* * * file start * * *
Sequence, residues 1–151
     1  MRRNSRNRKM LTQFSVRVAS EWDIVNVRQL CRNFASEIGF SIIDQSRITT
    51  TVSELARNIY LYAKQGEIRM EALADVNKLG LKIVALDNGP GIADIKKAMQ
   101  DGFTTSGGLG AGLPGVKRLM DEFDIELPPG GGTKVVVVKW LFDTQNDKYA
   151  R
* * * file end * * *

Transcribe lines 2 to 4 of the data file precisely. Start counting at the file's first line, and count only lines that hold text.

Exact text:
     1  MRRNSRNRKM LTQFSVRVAS EWDIVNVRQL CRNFASEIGF SIIDQSRITT
    51  TVSELARNIY LYAKQGEIRM EALADVNKLG LKIVALDNGP GIADIKKAMQ
   101  DGFTTSGGLG AGLPGVKRLM DEFDIELPPG GGTKVVVVKW LFDTQNDKYA